October 10, 2014

ENVS Blog: How to Get a Job Saving Animals

Chloe Waterman (’12) gives her advice and insight into getting a job saving animals and working with NGOs after graduation.

Chloe Waterman (’12)

In April of my senior year at Lewis & Clark, I started a file folder labeled “Project Let’s-Not-Be-Homeless-and-Save-Animals.” It mostly contained job descriptions for entry-level positions at nonprofits devoted to animal protection. Given that my primary goal was – and still is – to reduce animal suffering, going to work for a nonprofit with a mission to do just that seemed like a natural fit. Because this strategy has happened to work out well for me (I am saving animals working at a nonprofit and am not homeless), I recognize that I am on shaky ground when I advise current students to consider a different path – but hear me out.

Nonprofit organizations play a crucial and irreplaceable role in solving all sorts of social ills – ending factory farming, reducing solid waste, preventing human trafficking, you name it. I am not disputing the value of that work – in fact, my argument is that recent graduates should choose early career paths that do more to contribute to eventual success in the nonprofit world. In other words, play the long game.

I landed my job working on state legislation for a large, national animal welfare organization through an internship. Had I applied cold, my boss would’ve tossed my application in the trash. What experience did I have to bring our organization? What made me stand out above the dozens of other applicants? Good grades and internships are par for the course. We are looking for employees who have valuable experience and relationships that they can marshal towards our goals.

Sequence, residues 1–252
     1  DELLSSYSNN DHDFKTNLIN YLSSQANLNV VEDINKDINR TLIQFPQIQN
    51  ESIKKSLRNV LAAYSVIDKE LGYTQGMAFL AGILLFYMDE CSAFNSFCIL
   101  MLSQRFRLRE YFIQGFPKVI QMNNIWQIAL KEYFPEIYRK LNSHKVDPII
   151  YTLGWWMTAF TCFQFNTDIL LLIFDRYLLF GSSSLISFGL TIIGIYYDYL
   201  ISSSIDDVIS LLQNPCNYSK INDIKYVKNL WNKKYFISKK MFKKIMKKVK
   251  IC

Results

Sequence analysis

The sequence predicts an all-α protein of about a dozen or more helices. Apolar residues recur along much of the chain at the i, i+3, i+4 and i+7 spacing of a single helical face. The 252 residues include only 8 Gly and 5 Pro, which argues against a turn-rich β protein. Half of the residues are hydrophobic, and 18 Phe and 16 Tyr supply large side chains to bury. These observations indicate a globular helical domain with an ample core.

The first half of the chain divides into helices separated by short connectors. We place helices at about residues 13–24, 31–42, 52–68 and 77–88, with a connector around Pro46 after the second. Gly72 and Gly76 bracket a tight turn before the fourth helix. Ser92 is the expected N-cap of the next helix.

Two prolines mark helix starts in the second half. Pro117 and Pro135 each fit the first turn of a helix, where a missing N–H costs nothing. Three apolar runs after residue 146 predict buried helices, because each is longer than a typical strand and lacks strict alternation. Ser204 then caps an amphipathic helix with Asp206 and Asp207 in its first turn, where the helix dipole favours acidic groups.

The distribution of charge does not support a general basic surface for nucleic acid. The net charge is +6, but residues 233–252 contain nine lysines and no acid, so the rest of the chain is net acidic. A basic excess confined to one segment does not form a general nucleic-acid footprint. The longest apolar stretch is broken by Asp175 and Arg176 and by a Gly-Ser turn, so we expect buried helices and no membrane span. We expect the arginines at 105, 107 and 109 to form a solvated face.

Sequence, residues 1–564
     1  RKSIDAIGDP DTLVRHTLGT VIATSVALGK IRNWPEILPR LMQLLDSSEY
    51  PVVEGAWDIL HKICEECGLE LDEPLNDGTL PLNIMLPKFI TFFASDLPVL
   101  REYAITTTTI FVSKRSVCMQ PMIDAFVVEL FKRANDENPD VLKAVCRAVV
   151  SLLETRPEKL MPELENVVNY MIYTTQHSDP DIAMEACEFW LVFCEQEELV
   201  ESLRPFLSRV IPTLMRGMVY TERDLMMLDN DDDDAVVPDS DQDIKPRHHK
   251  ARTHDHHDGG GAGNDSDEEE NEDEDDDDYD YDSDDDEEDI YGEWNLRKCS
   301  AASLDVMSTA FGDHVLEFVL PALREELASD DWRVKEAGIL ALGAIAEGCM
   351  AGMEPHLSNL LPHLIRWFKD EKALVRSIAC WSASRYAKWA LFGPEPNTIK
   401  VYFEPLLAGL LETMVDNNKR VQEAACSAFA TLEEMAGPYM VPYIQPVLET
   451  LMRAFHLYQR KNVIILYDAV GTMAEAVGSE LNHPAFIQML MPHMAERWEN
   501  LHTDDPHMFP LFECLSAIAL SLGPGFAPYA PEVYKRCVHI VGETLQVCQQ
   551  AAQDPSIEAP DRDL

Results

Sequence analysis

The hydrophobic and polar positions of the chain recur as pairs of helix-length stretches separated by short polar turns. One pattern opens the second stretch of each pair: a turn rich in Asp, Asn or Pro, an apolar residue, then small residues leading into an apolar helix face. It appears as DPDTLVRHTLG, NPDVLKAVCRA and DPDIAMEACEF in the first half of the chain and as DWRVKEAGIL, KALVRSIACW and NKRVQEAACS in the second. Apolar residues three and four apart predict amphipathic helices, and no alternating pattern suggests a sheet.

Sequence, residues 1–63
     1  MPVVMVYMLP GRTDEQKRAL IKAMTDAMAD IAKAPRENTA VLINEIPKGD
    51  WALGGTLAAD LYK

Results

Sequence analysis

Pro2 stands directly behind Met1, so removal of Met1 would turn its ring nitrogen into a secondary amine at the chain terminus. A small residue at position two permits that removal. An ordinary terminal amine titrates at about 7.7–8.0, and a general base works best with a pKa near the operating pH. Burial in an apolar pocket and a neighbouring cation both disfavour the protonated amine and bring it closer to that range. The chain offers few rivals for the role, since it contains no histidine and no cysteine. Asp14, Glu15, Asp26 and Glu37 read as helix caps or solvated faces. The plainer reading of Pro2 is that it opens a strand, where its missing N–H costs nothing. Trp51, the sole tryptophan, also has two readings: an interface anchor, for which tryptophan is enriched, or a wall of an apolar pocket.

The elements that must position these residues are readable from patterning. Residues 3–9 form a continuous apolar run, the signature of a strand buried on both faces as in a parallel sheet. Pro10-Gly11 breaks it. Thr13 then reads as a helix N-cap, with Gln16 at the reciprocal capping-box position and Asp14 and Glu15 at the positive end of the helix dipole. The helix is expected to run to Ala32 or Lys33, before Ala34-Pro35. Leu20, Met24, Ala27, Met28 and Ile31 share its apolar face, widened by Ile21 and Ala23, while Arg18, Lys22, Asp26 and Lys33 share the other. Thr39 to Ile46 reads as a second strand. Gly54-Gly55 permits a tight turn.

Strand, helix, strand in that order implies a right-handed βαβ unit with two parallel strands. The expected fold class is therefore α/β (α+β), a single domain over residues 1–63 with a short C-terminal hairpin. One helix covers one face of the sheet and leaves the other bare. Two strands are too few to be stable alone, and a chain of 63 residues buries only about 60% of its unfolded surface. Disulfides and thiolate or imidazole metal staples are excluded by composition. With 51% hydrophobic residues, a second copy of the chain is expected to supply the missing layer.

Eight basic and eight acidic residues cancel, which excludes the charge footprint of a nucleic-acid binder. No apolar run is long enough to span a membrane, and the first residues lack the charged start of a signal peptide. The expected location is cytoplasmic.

One trick for figuring out what sorts of experience and relationships would be most useful to your field is to ask: Who are the important players?  In the world of animal welfare policy, it is legislators and staff, agency officials, and industry. That is where I suggest recent graduates look for employment in the animal welfare movement. Go work in a state legislature or on Capitol Hill and ask to handle animal issues for your boss. I know legislators whose interest in animal issues arose from a staffperson who was passionate about a certain issue. Get a job with a state department of agriculture enforcing a puppy mill law. Develop an animal welfare policy at a large food corporation. Manage a farm’s transition to humane confinement methods. Go to veterinary school. Learn how things work from the inside – and help.

My colleagues and I have the most success when we find a smart, caring person in an agency or in the legislature who wants to help us protect animals. So I’m urging you, to make my job easier, to go become one of those people! These jobs have a great deal of influence over animal welfare, and I would suggest getting them sooner rather than later. If you go work for a nonprofit straight out of college, you run the risk of branding yourself as an activist, which is likely to reduce your chances of landing in these positions later on.

A second question to ask yourself is: If I don’t get this job, who will? For any given job in the nonprofit animal welfare policy field, there are probably around fifty or so applicants, maybe a dozen of whom are qualified. If you don’t get the job, someone else will, and they will do it well. Think about how you can make a contribution that would not otherwise happen. All of the options I listed earlier fit this category, but it is by no means an exhaustive list. I’ll throw one last wild idea out there. Get a job on Wall Street. I recognize Portland to Wall Street is a big jump, but if you really want to make the world a better place, go make six figures and donate double the salary of the position at a nonprofit you were going to apply for before you read this enlightening blog. 

The good news about finding the right job out of college is that we have long careers ahead of us and plenty of time to forge a path that makes us best-prepared for our ideal job. Play the long game, look for unique contributions you can make to your field, and try not to be homeless – and you’ll be fine.